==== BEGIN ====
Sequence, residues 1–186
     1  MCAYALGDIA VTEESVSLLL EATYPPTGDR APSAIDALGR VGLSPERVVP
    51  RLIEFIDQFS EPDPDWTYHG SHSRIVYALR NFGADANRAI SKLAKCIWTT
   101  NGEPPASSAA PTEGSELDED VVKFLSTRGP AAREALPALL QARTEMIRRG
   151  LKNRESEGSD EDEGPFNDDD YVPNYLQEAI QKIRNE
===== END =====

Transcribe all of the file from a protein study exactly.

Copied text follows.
Sequence, residues 1–186
     1  MCAYALGDIA VTEESVSLLL EATYPPTGDR APSAIDALGR VGLSPERVVP
    51  RLIEFIDQFS EPDPDWTYHG SHSRIVYALR NFGADANRAI SKLAKCIWTT
   101  NGEPPASSAA PTEGSELDED VVKFLSTRGP AAREALPALL QARTEMIRRG
   151  LKNRESEGSD EDEGPFNDDD YVPNYLQEAI QKIRNE